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Council of Europe Commissioner for Human Rights, Secretary General issue statements honoring 2 August

31.7.2020 14:15
The building of the Council of Europe in Strasbourg, France. (PHOTO:  Elwood j blues, Wikimedia Commons)
The building of the Council of Europe in Strasbourg, France. (PHOTO: Elwood j blues, Wikimedia Commons)

The Council of Europe's Commissioner for Human Rights, Dunja Mijatović, has issued a statement marking 2 August, the European Holocaust Memorial Day for Sinti and Roma, by reminding the 47 member states of the Council of Europe that it is imperative for European society to "relentlessly" combat antigypsyism. In the statement, she called the annual 2 August commemorations "crucial" and shared a link to a virtual commemoration ceremony that will broadcast live the events taking place at the Auschwitz Memorial on Sunday to honor this history.

"I welcome the fact that more and more actors across Europe are involved in exposing the tragic chapters of Roma history by means of truth and reconciliation commissions and other such mechanisms. It is essential to continue exploring the past and disseminating information about it in society in order to foster reconciliation and trust," the Commissioner for Human Rights said.

"This year, the COVID-19 pandemic highlighted once again the heightened vulnerability of Roma to human rights violations. In a statement of 7 April 2020, I warned against the scapegoating of Roma, ethnic profiling and other discriminatory measures, and urged governments to ensure equal protection and care for Roma during the crisis," she also noted.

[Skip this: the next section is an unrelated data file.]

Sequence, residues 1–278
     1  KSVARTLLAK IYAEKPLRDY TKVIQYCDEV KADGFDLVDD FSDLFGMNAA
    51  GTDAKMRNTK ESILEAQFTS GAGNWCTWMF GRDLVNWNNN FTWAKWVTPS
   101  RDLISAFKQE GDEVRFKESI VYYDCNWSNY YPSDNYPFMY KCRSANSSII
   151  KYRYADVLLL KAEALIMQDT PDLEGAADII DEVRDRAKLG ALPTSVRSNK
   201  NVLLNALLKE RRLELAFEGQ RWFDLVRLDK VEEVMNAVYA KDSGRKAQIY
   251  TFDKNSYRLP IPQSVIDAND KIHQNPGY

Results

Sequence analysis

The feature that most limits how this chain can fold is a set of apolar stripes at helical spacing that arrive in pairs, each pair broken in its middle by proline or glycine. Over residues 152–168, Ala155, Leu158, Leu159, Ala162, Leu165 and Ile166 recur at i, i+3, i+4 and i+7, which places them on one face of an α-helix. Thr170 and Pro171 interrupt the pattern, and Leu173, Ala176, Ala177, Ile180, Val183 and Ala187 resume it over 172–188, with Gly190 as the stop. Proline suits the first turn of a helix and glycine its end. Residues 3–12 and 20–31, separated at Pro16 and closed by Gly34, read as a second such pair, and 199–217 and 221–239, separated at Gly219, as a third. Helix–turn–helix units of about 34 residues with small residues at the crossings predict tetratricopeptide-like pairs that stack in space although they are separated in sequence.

"At the same time, forced evictions, hate speech and police abuses targeting Roma have not stopped. It is therefore of the utmost importance to remember that the persistence of prejudices, racism and discrimination inexorably forms the bedrock for the repetition of serious human rights violations," Mijatović said.

Council of Europe Secretary General Marija Pejčinović Burić has also issued an online video statement to mark 2 August 1944, when the remaining prisoners of the so-called “Zigeunerlager” ("Gypsy Camp") – some 3,000 children, men and women – were exterminated in the gas chambers of Auschwitz-Birkenau. She, too, expresses appreciation for how an increasing number of European countries are formally recognising 2 August: “A better future can only be built on a solid understanding of the past”, she says.

Although exact figures do not exist, historians estimate that some 500,000 Roma people were murdered during the Second World War. “My thoughts today are with those who lost their lives, those who survived and the Roma and Traveller communities who continue to contribute to the rich and diverse cultural life of our continent,” the Secretary General said.

The commemoration of 2 August is a key event for the Council of Europe, underlining the importance of teaching remembrance as well as honouring the Romani victims and survivors of the Holocaust. The Secretary General praised a recent recommendation adopted by the Committee of Ministers for all 47 Council of Europe member states on teaching Roma and Traveller history in schools.

For several years, the Council of Europe has held commemoration ceremonies to mark 2 August in front of the Palais de l’Europe in Strasbourg. However, due to the Covid-19 crisis, the online video statement by the Secretary General will replace the usual in-person gathering this year.

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antigypsyism, Auschwitz, Council of Europe, COVID-19



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